Surowiecki notes “Most high-frequency traders aren’t interested in the real economy at all. They aren’t concerned about a company’s earnings, or its future prospects. The only information that they’re interested in, and that they devote so much energy and money to uncovering, is information about what other investors are going to do.” In that way, they represent the vanguard of investor capitalism, in which the goal of investment is entirely to profit from trading, without regard to its social purpose or value.

He notes that high speed trading now accounts for about half of all stock market activity, and adds: “one recent study of trades in 120 randomly selected Nasdaq stocks found that increased high-frequency trading cost the average institutional investor as much as $10,000 a day.”

Trading in stocks has come a long way from the informal deals made under the buttonwood tree on Wall Street two hundred years ago. It quickly became centralized and regulated – but now it is going in the other direction. Public exchanges are proliferating and globalizing — there are 13 in the U.S. now — competing with each other for bigger shares of the market in markets. Moreover, there are over 40 private markets, “dark pools,” making regulation virtually impossible. Computers and electronic communication have amplified and globalized the process, increasing the chance of manipulation.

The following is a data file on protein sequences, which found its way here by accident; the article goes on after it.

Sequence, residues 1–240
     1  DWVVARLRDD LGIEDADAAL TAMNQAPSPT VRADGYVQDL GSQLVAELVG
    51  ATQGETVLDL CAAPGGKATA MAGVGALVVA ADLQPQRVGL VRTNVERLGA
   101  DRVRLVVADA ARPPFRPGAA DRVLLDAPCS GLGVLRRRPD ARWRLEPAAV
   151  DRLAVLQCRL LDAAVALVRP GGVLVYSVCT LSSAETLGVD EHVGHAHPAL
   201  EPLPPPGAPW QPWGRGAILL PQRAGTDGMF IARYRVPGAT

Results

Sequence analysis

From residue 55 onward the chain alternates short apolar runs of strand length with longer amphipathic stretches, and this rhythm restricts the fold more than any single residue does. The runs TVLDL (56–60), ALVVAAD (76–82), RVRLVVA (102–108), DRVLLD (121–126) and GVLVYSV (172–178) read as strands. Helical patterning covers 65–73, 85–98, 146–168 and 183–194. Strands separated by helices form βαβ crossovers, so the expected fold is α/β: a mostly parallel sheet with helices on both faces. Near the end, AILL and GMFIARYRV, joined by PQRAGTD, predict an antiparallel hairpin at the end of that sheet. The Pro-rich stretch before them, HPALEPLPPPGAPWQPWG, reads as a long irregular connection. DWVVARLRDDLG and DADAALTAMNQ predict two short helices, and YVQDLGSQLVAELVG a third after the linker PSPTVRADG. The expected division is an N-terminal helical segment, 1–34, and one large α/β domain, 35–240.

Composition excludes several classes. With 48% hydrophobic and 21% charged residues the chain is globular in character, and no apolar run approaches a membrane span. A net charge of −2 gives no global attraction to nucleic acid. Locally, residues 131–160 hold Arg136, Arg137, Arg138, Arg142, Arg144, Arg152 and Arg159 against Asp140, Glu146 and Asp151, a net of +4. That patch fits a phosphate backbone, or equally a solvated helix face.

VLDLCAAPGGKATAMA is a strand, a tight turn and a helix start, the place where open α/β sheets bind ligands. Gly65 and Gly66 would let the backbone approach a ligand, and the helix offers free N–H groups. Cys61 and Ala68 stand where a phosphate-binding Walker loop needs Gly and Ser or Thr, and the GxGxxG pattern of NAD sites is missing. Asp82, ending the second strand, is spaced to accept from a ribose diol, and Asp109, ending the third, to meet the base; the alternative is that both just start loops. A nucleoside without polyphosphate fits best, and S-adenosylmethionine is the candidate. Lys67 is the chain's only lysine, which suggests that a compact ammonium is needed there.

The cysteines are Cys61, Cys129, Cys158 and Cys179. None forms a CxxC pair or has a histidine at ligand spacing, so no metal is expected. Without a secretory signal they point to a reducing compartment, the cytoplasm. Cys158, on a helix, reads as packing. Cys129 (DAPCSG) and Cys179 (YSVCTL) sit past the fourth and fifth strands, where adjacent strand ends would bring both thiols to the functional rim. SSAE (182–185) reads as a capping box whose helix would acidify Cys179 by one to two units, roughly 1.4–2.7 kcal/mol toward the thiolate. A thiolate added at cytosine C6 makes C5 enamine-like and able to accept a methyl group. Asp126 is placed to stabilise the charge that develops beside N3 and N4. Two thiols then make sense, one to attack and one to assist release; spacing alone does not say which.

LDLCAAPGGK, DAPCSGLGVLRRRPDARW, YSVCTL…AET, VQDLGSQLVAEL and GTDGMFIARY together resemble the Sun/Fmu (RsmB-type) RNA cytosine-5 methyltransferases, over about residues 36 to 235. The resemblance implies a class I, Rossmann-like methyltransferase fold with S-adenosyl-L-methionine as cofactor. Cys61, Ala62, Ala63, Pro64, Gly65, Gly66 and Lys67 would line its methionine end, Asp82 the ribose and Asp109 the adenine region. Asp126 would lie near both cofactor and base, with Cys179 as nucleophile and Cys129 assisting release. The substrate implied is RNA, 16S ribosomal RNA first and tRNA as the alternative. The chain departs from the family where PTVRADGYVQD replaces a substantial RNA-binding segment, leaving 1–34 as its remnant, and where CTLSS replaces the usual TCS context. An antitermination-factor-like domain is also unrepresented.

The relationships between buyers and sellers are increasingly irrelevant. As Surowiecki noted: “trading is entirely automated—humans may come up with the algorithms that the computers use, but machines do all the trading.” As a result, new glitches occur, such as the “flash crash” of May 6, 2010, when the Dow plunged more than six hundred points in a matter of minutes, and many high-frequency firms just stopped trading. That, in turn, accelerated the decline and made it harder for prices to return to normal.

There has always been a powerful destructive side to capitalism. As productivity soared and new wealth was created, environments were polluted and workers impoverished. This, though, may be different in that the financial system itself is being polluted.

High speed trading with its exclusive focus on maximizing investment returns may make it harden to direct capital where it is most needed or would be socially productive. And it may end up driving all but those who can afford it out of financial markets, as people conclude there is no point in trying to compete with complex algorithms and powerful computers.

In the long run, Surowiecki concludes: “Making investing less valuable will make people less willing to invest.”